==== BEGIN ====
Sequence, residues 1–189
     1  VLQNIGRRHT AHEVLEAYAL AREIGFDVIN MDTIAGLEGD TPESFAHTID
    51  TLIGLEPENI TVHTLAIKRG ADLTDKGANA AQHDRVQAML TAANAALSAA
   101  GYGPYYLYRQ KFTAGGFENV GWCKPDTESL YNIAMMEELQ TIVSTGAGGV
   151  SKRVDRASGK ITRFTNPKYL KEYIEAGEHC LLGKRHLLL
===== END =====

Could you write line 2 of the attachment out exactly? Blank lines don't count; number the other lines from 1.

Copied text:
     1  VLQNIGRRHT AHEVLEAYAL AREIGFDVIN MDTIAGLEGD TPESFAHTID